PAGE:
The Experience of making a Multiplayer Sandbox Game
I've been making a game for the past few weeks, and the experience is amazing.
I'm no stranger to making games, of course. I've posted about my other work basically everywhere except here. But I don't think I've enjoyed it this much since I made my first project in Gamemaker 8. Since then it feels like it's been a downward spiral. Every project I did felt less satisfying than the one before, resulting in me getting burnt out quicker and quicker. Since Gamemaker, shifted from one development I didn't like to the next, never finding something that felt right.
Gamemaker was a special experience. It's objectively terrible, lacking common OOP standards and having a terrible user interface (even in the newest version, fight me.) But what made it fun was how easy it was, the more I used it though, the more it's issues bit into me, and jaded my point of view. I eventually felt like I needed to completely move on from Gamemaker, and I made a promise to myself to not go back to it.
But it wasn't better. Every other framework or engine that I used was either way too pandering and simple (Unity, Unreal), or way to down low (LibGDX, LWJGL.) But I kept pushing myself away from Gamemaker because it felt like a step down, and eventually I got so burnt out that I took a break from game development completely. And then I found Phaser.
Here are some screenshots of the game from a few days ago:
A random placement of debug tiles I made.
A gateway to another realm! Or nothing, I guess.
A block placement fight I had with one of my friends.
Who are you!?
Asking the questions which have to be answered. I was trying to identify which friend was piloting the character on top of the stairs.
The friend identifying himself using blocks, because there's no usernames yet.
I won't go to far into the game development process, because the game isn't anywhere near completion. I'm really in the beginning steps here. But something awesome happened yesterday that I need to talk about. The game has a functioning server backend which is running on a VPS of mine, which means that anyone can connect if they know where the game is hosted. I showed a few of my friends the game that morning, and then I left for school. When I came back I found that they had built tons of stuff, even with my ridiculously limited mechanics. Some of them didn't even know there were more tiles than just dirt!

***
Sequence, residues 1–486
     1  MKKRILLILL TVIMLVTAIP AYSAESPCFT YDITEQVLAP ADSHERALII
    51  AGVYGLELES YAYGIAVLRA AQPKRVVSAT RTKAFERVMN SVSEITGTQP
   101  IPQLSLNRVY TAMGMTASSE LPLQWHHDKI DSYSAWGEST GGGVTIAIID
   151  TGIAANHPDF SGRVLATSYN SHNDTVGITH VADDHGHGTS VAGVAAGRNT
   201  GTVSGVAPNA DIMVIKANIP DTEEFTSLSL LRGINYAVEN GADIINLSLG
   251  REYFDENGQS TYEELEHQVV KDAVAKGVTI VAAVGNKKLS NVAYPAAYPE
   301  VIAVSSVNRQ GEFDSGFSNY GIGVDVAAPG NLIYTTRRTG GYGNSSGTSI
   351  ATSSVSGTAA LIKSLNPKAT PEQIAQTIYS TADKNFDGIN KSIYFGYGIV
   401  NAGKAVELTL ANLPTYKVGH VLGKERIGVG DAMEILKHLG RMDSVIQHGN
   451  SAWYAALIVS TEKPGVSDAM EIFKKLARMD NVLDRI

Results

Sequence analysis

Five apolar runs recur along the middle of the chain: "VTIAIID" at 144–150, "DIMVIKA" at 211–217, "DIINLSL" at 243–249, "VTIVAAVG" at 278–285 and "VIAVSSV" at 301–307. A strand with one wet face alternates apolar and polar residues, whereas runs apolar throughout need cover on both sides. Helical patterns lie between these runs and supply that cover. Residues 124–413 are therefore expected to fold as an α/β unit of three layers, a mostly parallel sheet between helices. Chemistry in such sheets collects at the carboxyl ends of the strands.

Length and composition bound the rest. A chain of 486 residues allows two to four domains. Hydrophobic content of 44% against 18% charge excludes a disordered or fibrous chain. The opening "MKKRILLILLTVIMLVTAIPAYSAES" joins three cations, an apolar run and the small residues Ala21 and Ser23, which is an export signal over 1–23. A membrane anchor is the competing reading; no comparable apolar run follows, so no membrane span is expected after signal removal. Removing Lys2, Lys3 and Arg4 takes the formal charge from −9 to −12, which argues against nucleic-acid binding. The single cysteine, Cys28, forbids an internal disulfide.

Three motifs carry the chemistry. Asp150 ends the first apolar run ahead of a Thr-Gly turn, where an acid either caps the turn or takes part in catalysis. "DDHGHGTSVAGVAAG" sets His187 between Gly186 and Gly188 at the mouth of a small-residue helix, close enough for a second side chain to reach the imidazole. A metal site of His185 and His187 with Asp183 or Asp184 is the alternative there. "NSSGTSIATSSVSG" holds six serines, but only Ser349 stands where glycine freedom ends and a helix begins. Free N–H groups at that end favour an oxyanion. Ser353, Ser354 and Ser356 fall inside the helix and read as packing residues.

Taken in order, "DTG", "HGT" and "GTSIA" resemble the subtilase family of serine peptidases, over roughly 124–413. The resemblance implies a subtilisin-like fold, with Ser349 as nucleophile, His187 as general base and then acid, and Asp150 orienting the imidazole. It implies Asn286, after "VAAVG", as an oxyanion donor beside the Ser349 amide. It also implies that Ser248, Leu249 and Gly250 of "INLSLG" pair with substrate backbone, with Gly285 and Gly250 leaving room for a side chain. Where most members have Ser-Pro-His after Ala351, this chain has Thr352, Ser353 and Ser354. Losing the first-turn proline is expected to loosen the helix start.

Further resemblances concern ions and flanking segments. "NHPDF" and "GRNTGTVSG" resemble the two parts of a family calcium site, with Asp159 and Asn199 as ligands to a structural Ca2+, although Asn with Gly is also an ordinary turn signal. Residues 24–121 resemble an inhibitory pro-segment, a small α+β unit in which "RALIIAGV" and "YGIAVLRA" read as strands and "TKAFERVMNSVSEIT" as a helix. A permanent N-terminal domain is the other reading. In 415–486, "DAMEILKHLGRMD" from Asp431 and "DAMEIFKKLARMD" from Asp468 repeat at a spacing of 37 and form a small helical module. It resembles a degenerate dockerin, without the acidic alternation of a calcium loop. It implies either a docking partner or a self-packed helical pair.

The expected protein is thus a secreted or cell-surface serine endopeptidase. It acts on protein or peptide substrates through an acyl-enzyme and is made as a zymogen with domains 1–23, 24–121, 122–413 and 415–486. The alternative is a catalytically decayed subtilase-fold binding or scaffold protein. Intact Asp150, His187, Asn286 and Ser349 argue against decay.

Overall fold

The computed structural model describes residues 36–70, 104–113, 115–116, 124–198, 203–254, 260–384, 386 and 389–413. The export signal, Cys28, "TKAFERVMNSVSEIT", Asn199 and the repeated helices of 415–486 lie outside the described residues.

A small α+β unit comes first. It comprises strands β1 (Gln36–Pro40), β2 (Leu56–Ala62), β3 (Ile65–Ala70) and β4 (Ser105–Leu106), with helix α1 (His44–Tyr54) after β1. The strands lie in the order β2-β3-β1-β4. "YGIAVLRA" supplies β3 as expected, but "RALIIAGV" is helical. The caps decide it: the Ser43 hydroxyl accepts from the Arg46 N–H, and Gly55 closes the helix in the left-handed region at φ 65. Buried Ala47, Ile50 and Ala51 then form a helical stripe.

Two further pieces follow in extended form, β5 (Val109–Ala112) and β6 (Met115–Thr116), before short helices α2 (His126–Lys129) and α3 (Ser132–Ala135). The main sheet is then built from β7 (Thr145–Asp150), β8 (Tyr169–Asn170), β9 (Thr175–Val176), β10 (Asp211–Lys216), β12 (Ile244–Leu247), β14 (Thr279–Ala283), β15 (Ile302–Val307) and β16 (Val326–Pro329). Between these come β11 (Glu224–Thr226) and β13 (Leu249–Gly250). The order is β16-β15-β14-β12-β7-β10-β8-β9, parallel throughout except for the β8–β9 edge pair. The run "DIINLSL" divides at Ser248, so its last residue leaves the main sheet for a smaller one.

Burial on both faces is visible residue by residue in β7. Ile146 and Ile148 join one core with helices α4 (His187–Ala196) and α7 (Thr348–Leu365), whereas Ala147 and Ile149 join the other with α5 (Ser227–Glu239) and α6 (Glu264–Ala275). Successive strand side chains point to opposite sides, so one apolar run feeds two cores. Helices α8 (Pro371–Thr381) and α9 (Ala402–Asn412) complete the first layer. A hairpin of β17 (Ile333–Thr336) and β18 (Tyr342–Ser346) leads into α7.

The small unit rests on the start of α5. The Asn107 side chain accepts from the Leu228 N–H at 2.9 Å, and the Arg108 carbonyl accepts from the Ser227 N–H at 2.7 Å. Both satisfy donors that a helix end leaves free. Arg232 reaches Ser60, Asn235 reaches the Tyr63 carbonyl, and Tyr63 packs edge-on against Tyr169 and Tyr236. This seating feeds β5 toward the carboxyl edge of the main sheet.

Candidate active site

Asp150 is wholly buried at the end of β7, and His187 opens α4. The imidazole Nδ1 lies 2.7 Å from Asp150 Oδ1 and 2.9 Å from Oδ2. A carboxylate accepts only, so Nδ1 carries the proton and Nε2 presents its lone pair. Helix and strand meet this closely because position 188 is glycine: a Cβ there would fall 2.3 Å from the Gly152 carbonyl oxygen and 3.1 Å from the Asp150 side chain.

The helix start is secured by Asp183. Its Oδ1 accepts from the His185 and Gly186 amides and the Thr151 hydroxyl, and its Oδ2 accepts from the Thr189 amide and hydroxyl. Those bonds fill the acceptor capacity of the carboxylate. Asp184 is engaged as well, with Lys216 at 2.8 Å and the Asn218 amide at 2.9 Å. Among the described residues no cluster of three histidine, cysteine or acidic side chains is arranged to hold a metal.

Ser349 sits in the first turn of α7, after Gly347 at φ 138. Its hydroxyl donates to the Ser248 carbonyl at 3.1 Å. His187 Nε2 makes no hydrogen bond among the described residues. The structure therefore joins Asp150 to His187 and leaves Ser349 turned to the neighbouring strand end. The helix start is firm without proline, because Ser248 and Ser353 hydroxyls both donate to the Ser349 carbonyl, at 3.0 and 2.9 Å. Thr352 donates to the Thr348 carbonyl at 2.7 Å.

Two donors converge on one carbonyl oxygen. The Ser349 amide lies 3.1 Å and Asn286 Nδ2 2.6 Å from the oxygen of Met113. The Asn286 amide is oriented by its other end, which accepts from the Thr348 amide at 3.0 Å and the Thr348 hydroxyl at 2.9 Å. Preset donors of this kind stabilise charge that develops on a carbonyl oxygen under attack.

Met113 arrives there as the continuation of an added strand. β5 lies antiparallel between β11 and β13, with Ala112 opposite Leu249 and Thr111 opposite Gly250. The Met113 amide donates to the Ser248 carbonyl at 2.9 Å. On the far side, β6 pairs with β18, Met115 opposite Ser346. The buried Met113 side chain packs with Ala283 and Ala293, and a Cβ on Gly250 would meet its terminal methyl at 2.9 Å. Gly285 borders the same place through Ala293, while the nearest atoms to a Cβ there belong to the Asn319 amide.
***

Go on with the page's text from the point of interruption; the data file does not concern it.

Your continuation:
That shocked me. Everyone who's made anything creative before knows the empty 'Oh, cool' response from uninterested friends, and before now that's all I got. Usually it means that what you made isn't actually that engaging or interesting. But to give someone a stripped down, unfinished, objectively bad version of you work and to have them play it long enough to leave a graveyard of creations in your map shows something else. It shows that they actually like it.
So without further ado, here are some things that I found when I got home from school:
A tank! It actually looks decent, even with my incredibly limited tileset. I have to commend the person who made this for their creativity.
This clawed hand was the first thing I saw when coming back to my computer.
A stickman fight scene.
A sort of halo/arc. A player is meant to stand in the middle. This was one of the creations where the person didn't know there was multiple tile types.
What would a group of friends who I met on Discord's creations be without the logo of the software I met them with in it?
The logos of Firefox and Chrome. Two browsers which we were testing performance on.
A partially griefed welcome platform which was built below the world spawnpoint.
What it says on the tin.
I'm not really sure.
I wanted to share these creations, because they're awesome. So there you go.
May 23rd 2018